- Find a Trail
- My TrailLink
- Explore Trails
- About Us
- Get Involved
Fish Lake Trailhead (milepost 365) with parking, a picnic shelter and tables, restrooms and an informational kiosk.
Cheney Trailhead (milepost 361.25) with parking (including equestrian units), restroom, picnic shelters and tables, and an informational kiosk.
Amber Lake Trailhead (milepost 349.25) with parking (including equestrian units), equestrian highline, restrooms and an informational kiosk.
Martin Road Trailhead (milepost 342) with parking (including equestrian units), equestrian highline, restrooms and an informational kiosk.
5 stars for the scenery, 2 for the rail ballast. It was rough going, even on a fatbike. I ran out of water mid morning and bailed off the horrid bone rattling ballast about 5 miles south of Lamont onto a gravel road that connected to Lamont Road and then into Lamont. Found water from a pump handle spigot in the little park behind the small community center. Filled up all 5 bottles and proceeded on pavement to the rough but fun dirt jeep road called Swift Roa that runs paralell to the CPT. I stayed on this when it became Cree Rd, then rejoined the CPT at Martin Trailhead. The rest of the ride was great, but hot, 106 degrees.Too hot for rattlesnakes so I got lucky and saw none in 5 day ride from North Bend) A refreshing jump in Amber Lake helped cool me down, and a second plunge into Fish Lake too, helped me arrive in Spokane feeling somewhat refreshed.
As others have noted, if they ever pave the CPT (and John Wayne Pioneer Trail) we will have an incrediblly scenic route through some remarkeable desert lanscapes and channeled scab lands. But for now, this is a ride that while I would say is doable for anyone, but just be ready with lots of water, energy bars, and thick mountain bike tires and maybe even a fat bike. The rail ballast rocks slid around like dinner plates even under the fat bike, which made it impossible to ever fully relax like you can on the packed gravel or paved trails.
Well, the developed sections were excellent (Spokane to Martin Rd. in the North and Snake River Rd to Ice Harbor Dam in the South) but just about everything in the middle of that is ruthless and underdeveloped. My fiance and I just attempted to bike-pack it -aboard fatbikes- and were rattled to the bone on the ballast. We've ridden a whole lot of trail throughout the west and this was some of the most brutal we've experienced (unrelenting loose 2-4" basalt rocks).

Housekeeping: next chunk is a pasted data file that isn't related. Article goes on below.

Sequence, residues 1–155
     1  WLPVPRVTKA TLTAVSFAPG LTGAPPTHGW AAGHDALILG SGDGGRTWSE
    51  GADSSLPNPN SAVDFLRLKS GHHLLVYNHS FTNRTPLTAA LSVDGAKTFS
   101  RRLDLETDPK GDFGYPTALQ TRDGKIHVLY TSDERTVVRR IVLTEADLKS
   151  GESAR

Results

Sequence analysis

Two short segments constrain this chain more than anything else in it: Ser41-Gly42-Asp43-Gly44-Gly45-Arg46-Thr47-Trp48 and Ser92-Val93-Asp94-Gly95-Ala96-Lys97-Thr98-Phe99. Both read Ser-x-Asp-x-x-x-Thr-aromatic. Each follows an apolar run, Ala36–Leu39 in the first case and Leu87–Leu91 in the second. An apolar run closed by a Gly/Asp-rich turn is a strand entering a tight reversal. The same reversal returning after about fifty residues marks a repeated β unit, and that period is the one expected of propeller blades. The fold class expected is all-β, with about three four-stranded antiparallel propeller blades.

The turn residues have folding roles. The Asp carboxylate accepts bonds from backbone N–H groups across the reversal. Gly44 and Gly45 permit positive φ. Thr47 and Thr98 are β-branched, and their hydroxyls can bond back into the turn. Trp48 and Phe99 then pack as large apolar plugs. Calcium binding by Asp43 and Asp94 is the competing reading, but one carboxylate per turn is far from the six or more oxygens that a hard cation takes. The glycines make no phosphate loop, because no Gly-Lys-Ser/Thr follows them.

Also, not having developed the old-unmaintained bridges for crossing was certainly a negative, being that there is no decent way around them (unless you're a fan of trespassing on private property!)... Thankfully, by the time we arrived at those gaps in the map, we were doing a little road-detour until we could rejoin on more developed trail.
On the plus side, it covers beautiful and under-appreciated countryside and is filled with glorious cheerful birds filling your world with song at every break.
Overall, I don't think this "trail" is developed enough for public "enjoyment" or "recreation" but, with a little work, could be a hidden gem of Eastern Washington. If it ever gets paved, it would be a road-cyclists heaven and would certainly help boost the small-town economies along the route!
Fantastic views riding north from Ice Harbor to Snake River Junction. Trail conditions make for slow going (12mph or so) over thick gravel giving way coarse basalt. I'd really like to see trail improvements. We turned away from the trail at Snake River Junction and rode gravel roads back to Ice Harbor up and down through the orchards during apple harvest. We enjoyed the gravel road surface much more. Glad I did it but not super anxious to go back. Those gravel roads; however, need further exploration.
This is a great trail to travel on a sunny fall day. The first section near Ice Harbor Dam has been covered with a gravel until you get upstream to the Big Flat Park. From that point upstream it is essentially the railroad ballast and isn't really meant for the tires of a bike unless you have the great big fat ones for riding in sand.
For hiking and horse riding - it's no big deal except some of the rock is sharp enough I wonder about the hooves of a horse.